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News Releases from Region 10

EPA Settles with Shoreside Petroleum for Violating Federal Clean Air Rules at Fuel Terminals in Seward and Cordova, Alaska

Contact Information: 
Suzanne Skadowski (skadowski.suzanne@epa.gov)

Shoreside Petroleum, Inc., based in Anchorage, has paid $89,000 in penalties for violating federal clean air rules designed to prevent toxic air pollution at the company’s fuel terminals in Seward and Cordova, Alaska. Shoreside Petroleum’s terminals receive gasoline from marine barge vessels and transport trucks, store gasoline in large fixed-roof tanks, and load gasoline into tank trucks for delivery to area customers.

In a settlement announced today, the U.S. Environmental Protection Agency alleges that Shoreside Petroleum violated multiple Clean Air Act rules at both of the company’s Seward and Cordova terminals. To resolve the violations and return to compliance, the company also spent approximately $402,000 to install and test pollution controls and began checking for leaks and reporting results to EPA.  After installing the required controls, EPA estimates that the company’s air pollution emissions were reduced by approximately 30 tons per year in Seward and nine tons per year in Cordova.

According to Ed Kowalski, Director of EPA Region 10's Office of Compliance and Enforcement:

“To protect the health of their workers and the surrounding community, bulk gasoline terminals need to have pollution controls in place to prevent the release of harmful gas vapors, a known source of air toxics. Operating bulk gasoline terminals without the required pollution controls and monitoring for leaks are serious violations that we enforce aggressively.”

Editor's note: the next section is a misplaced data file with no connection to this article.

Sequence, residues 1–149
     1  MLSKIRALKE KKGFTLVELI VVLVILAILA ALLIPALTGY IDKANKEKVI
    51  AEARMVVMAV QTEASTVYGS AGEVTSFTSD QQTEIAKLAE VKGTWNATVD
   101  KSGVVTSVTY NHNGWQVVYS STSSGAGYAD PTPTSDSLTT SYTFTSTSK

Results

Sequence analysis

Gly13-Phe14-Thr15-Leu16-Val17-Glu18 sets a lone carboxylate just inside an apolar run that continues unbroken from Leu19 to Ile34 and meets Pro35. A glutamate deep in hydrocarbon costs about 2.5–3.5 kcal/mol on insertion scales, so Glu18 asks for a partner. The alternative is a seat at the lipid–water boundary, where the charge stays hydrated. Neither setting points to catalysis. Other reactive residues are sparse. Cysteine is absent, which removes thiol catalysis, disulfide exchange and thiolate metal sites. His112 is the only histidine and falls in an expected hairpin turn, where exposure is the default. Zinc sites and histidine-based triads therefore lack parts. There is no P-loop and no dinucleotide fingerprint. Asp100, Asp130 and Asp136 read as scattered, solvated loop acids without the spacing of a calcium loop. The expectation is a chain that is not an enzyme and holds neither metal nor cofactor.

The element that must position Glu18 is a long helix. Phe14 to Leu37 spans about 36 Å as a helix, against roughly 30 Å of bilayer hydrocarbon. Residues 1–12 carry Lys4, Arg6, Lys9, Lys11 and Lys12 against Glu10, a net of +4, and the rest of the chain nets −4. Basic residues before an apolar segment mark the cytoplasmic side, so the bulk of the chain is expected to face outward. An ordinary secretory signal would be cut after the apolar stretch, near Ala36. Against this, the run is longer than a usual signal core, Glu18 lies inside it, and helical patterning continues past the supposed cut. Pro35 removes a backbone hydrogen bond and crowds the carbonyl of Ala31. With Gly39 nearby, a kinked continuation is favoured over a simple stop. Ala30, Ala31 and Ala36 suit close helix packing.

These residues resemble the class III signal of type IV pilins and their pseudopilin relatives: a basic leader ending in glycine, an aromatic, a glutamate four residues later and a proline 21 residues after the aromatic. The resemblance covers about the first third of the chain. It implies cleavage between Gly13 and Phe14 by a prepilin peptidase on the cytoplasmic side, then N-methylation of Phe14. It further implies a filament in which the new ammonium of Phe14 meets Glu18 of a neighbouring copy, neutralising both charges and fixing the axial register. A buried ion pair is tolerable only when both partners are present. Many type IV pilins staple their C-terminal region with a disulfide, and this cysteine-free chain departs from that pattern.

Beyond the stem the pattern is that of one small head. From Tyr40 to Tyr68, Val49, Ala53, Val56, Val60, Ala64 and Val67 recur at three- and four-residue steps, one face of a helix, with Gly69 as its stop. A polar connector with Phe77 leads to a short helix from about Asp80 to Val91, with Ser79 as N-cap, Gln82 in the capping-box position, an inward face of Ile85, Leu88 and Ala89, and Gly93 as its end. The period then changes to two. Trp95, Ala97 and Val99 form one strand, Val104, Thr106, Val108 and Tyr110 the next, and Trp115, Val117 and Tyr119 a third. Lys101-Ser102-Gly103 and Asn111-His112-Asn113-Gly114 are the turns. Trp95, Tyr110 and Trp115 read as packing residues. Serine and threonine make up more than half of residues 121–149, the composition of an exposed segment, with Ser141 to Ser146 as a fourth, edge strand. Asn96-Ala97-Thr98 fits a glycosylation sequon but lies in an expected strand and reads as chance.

Shoreside Petroleum originally self-disclosed its violations to EPA in November 2014. The violations, some dating back to 2005, include: failing to install vapor capture and control systems on the Seward loading rack and on storage tanks at both terminals, failing to limit gas loading to vapor-tight tank trucks, and failing to check for leaks in the gasoline service equipment during loading. Because of its 2014 self-disclosure to EPA, the company qualified for EPA’s Self-Audit program which resulted in a significant penalty reduction.  To take advantage of these incentives, facilities must voluntarily discover, promptly disclose to EPA, expeditiously correct, and prevent recurrence of future violations. EPA encourages companies to self-disclose violations discovered during routine environmental compliance audits:  https://www.epa.gov/compliance/epas-audit-policy.

The Clean Air Act requires bulk gasoline terminals to capture and control vapors from tanker truck loading racks and storage tanks.  The rules also require that all fuel loading must be limited to vapor-tight gasoline tank trucks. In addition, the vapor collection and processing systems, and loading racks handling gasoline, must be inspected monthly to check for fuel or vapor leaks. Gasoline vapors contain air toxics such as benzene and toluene, which can cause cancer or other serious health effects including respiratory and cardiovascular disease, and reproductive effects or birth defects.

Clean Air Act rules for gasoline terminals: https://www.epa.gov/stationary-sources-air-pollution/gasoline-distribution-mact-and-gact-national-emission-standards#additional-resources

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Shoreside Petroleum Seward Alaska Facility air pollution control flareEPA photo shows a flare air pollution control device installed by Shoreside Petroleum in Seward, AK,  in January 2016, as required by EPA’s air rules for bulk gasoline terminals.  The control device is a John Zink flare, which burns gas vapors collected from the gas loading rack and one of the gas storage tanks at Shoreside Petroleum's Seward, AK facility.